Most people who really know me know that I am a fairly passionate person when it comes to the game of baseball. My passion is only rivaled by my competitiveness. In some ways this has been a great thing for me. In others it has been my undoing.
The Fall of my freshman year in college was a defining moment in my development as a player. Just a week into the Fall season I had already unseated two Junior catchers and was awarded the starting job, had the trust of the pitching staff and was excited to begin my college career.
A few games into the Fall season, I realized that my at-bats were completely polarizing. Either I hit a shot to the gap or I popped the ball up to the first baseman. There was no in between. Now I'd like to tell you that I was humble even in defeat, but that just wasn't my personality. If I crushed the ball, I was pumping my fist, screaming at the top of my lungs "LET'S GO!!!" to my teammates. And though I hate to admit it, if I popped it up, I was screaming a less than appropriate four-letter word as I sprinted up the first baseline.
After one of those such at-bats in the third week of the Fall season, my pitching coach pulled me aside and asked if he could have a word with me. I told him that I had to get suited up to get behind the plate. He said that I wasn't going anywhere until I heard what he had to say.
He asked me if I'd ever been sailing or on a boat of some sort. My grandfather was a fisherman and owned a fishing boat that I pretty much grew up on, so I replied "sure". He told me that he basically lived his entire life on a boat as well and asked me if I knew what the phrase "Even Keel" meant. I said of course I did and he looked at me in utter shock. "Do you really now? I don't think you have the slightest clue what I am talking about," he said.
He told me that the game of baseball (or softball) was a lot like sailing. The water is going to push you around all day long. You are not going to be able to prevent it from happening. But as long as you're able to keep an even keel, the boat will sail in the direction you want it to.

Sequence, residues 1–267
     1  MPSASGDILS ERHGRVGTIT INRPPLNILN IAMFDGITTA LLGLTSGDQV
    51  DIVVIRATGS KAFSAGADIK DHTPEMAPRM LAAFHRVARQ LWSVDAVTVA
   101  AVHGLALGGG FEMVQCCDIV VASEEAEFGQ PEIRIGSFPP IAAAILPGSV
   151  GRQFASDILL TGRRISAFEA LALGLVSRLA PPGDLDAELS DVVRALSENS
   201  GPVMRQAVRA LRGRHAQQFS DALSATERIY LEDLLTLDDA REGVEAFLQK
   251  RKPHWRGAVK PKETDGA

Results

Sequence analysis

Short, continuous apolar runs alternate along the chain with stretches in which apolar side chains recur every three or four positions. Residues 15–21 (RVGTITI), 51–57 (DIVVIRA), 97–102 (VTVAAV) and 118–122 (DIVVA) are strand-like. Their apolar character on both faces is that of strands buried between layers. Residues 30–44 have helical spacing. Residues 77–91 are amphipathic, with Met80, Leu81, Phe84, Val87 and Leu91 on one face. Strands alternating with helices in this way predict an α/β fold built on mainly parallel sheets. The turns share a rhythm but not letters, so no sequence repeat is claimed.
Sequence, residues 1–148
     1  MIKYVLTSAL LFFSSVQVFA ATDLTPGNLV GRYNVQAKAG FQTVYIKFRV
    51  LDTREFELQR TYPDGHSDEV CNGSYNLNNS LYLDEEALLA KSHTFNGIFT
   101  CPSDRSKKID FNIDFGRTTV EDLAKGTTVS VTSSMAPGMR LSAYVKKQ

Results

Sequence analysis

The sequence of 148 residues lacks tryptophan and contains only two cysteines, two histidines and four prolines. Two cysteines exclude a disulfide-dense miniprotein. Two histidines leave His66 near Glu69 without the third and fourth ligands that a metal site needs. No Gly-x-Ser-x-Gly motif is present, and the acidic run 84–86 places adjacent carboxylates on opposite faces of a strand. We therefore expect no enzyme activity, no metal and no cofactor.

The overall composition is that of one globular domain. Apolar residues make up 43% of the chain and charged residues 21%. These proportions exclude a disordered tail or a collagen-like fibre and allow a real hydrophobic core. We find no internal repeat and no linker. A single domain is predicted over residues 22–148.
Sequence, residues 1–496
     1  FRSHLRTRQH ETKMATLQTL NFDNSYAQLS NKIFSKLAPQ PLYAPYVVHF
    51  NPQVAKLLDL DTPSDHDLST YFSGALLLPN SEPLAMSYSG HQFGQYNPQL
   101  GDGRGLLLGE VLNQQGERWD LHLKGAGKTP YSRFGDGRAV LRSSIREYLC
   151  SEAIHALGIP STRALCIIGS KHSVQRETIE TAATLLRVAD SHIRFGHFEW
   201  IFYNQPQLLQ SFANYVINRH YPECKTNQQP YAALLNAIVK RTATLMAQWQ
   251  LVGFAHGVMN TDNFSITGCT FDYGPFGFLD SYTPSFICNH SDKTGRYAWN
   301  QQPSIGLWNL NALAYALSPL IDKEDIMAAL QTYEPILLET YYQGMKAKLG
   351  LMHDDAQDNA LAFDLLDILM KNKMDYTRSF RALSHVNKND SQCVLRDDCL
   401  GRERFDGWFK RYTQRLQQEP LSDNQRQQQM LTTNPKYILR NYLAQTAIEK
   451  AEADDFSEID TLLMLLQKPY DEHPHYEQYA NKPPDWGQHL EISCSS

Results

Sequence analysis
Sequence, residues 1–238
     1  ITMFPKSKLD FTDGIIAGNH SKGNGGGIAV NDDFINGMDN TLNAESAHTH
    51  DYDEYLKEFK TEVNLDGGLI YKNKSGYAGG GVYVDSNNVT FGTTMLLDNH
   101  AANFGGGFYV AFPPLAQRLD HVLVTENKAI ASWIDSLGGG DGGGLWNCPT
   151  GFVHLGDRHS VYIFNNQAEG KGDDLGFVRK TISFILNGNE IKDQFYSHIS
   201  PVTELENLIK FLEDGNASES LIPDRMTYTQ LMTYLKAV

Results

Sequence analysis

He told me that the game of baseball is going to crush me from time to time. But that fact needs to be expected. There will be ups and downs, highs and lows, and the only thing that we can do to ensure we are the best teammate to those around us is to ensure that we keep the boat sailing straight ahead. You can't let one at-bat, one stolen-base against, one passed-ball push you so far in one direction that you can't make it back. Likewise, you can't let one home run, one caught stealing, or one perfect block make you unrealistic in your expectations of the next pitch. Because the moment that failure arises, the fall will be even greater. He told me that emotion is a great thing, and that we shouldn't be happy about failure, that we should use it to drive us to work harder the next time. But the moment we let one situation affect our ability to lead on the next pitch, we have let all of our teammates down.
Catchers, you have to play this game with an even keel. You owe it to your your teammates to ensure that your head is in the right place the very next pitch. Whether what just occurred was good or bad, you must be able to get back to even. That doesn't mean don't celebrate when you succeed, or don't show discontent with your failure. Just make sure that neither occurrence pulls you too far in either direction, because when it does, you won't be able to steer the ship straight.
This past week the Toronto Blue Jays mental coach Steve Springer (www.qualityatbats.com) presented at A.B. Athletics here in New Hampshire. I've known Steve for a while now, but had never actually heard him speak live. On a side note here, go get his CD. Steve's approach to the mental side of hitting and the game will be a life-changer for you. One of the best quotes of the evening was this: "The game of baseball (and softball) is the most self-esteem crushing sports there is."
I can honestly say that phrase blew me away. We forget that the majority of time in this game, we will be failures. The game sets us up to fail every single day. Catchers, the game is hard enough as it is. You cannot let your emotions get the best of you. Play the game with an "even keel" and you will be a much better teammate and leader for it.
Thanks for reading this month's Tip of the Month!